DANCE & PHYSICAL
Crying Out Loud presents La Poeme
4 stars ****
Summerhall (Venue 26)
ITS A RARE thing, in the world of dance and physical theatre, to encounter a performer who actually seems to extend the range of the human body’s possibilities, and therefore the range of ideas and emotions it can express. Jeanne Mordoj of Company Bal, though, is an artist with that quality, a dancer, ventriloquist, juggler and contortionist whose body is capable of strange and eloquent extremes of movement; and her new 35-minute show La Poeme is reflection on the idea of the female, brief but unforgettably vivid.
So Mordoj begins in the dress of a conventional woman of the mid-20th century, perhaps setting off for a new job, in a neat skirt, jacket and hat, with a small suitcase. There’s a problem with eggs, though, popping out of her mouth, sliding in again, appearing from her clothes, rolling round the back of her neck; and in no time at all the jacket and hat have been discarded, and a stripped-down Mordoj is dealing not only with eggs but with naked yolks, sliding sensuously across her shoulders and down her arms. She becomes bird-like, strutting and crowing; and finally a wilder beast emerges, roaring and snarling around the stage on all fours, primitive and frightening.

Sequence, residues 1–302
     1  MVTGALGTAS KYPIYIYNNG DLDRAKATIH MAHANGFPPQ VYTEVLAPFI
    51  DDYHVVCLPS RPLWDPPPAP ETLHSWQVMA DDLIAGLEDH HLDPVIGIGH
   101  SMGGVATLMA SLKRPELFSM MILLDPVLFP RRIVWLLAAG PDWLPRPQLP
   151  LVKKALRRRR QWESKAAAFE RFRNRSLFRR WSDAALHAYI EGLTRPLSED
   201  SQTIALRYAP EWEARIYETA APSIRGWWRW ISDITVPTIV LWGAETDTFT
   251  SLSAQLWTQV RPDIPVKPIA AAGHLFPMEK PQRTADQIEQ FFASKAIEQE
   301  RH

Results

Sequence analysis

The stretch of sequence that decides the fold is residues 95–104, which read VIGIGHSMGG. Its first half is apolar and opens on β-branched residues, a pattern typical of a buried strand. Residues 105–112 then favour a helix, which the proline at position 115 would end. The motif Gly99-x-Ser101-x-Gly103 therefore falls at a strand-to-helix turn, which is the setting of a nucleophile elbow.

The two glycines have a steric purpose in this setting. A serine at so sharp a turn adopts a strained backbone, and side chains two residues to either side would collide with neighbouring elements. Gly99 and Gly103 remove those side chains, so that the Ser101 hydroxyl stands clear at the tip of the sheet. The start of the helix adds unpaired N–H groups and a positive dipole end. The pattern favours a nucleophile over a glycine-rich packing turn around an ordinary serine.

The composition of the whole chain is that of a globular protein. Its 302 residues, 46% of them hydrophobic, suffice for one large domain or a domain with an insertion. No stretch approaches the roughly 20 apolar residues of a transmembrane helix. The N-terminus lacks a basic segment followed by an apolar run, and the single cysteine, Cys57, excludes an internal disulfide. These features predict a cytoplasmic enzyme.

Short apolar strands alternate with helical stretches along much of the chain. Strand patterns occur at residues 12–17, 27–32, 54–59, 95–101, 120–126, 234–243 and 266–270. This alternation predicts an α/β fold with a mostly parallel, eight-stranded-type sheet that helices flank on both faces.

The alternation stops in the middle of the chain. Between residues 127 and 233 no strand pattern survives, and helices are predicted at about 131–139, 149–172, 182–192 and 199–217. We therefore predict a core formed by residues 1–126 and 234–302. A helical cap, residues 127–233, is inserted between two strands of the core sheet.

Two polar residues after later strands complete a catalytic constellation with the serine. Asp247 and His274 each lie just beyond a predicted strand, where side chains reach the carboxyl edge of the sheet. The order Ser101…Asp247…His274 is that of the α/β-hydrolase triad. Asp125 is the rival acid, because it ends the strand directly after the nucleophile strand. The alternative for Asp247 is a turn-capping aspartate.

By the end, some kind of reflective order has been restored; but in a short half hour, Mordoj succeeds in offering up a brief history of womanhood that is not only a compelling piece of physical theatre, but also an object lesson in the use of colour, light and sound to enrich a theatrical experience, and to conjure up the world of nature with which human beings, whether they like it or not, are inextricably entwined.